Posts for tag: driving

On March 26th, 1934 the United Kingdom instituted the first driving test. Today, there are over 250 millions cars on the road in the United States alone. Many things can affect our ability as drivers, but did you know that your foot health and even the shoes you are wearing could impact your driving performance?


About one third of all drivers wear flip-flops behind the wheel. Flip-flops are said to be the cause of almost 1.4 million accidents or near misses every year. One in nine motorists admit that their flip-flop got stuck under the pedal causing delayed reactions. There are plenty of statistics to back up the facts, but let’s do some math:

The average reaction time to fully engage the brakes on a car is lengthened by 0.13 seconds when wearing flip-flops. At a speed of 60 miles per hour, this would mean travelling more than an extra ten feet before coming to a stop. Do you leave an extra ten feet between you and the car in front of you every time you wear flip=flops? I’m thinking your answer is no.

Flip-flops provide almost no security for your feet. In fact, they can even fall off while you are driving and get wedged beneath the pedals. You may be thinking that if you just slip them off, that would be better. While driving barefoot is not technically illegal in the United States, it is frowned upon, as your feet can easily slip off the pedal. If you are in an accident and the police determine that your lack of footwear contributed to the situation, you can be cited for reckless driving.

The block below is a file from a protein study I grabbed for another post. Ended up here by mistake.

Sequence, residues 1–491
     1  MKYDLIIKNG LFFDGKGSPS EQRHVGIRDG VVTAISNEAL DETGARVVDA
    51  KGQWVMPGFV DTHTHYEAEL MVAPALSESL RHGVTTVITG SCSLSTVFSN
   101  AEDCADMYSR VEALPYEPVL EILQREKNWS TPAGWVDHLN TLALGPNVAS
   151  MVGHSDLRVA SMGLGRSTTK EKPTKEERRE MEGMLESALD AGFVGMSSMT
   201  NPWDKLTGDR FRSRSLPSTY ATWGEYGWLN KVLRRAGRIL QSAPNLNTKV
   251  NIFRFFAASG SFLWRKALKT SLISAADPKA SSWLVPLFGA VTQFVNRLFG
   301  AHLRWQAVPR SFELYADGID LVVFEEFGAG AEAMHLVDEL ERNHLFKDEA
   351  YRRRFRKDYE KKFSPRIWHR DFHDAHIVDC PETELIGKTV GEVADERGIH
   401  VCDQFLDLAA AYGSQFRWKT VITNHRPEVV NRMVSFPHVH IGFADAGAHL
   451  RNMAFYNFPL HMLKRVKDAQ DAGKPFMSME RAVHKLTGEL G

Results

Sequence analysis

Flip-flops are actually considered more dangerous than high heels behind the wheel, perhaps because both men and women wear them, but that doesn’t mean that high heels are in any way safe. Think about the last pair of stilettos you wore, how easy are they to walk in? For most women, high heals make walking a challenge. Why would we think that driving would be any different?

One of the downfalls to high heels is the lack of stability the actual heel provides. With a small surface area and steep angle, the heel cannot rest on the floor evenly which means the chances of your foot slipping off the pedal are increased. Sadly, the majority of women decide to put fashion before safety.

Experts recommend packing a second pair of shoes to wear in the car and change into your high heels (or flip-flops) when you reach your destination. Remember, there are plenty of pairs of shoes out there, but only one of you. Protect yourself, your loved ones, and every other driver on the road by choosing proper footwear.


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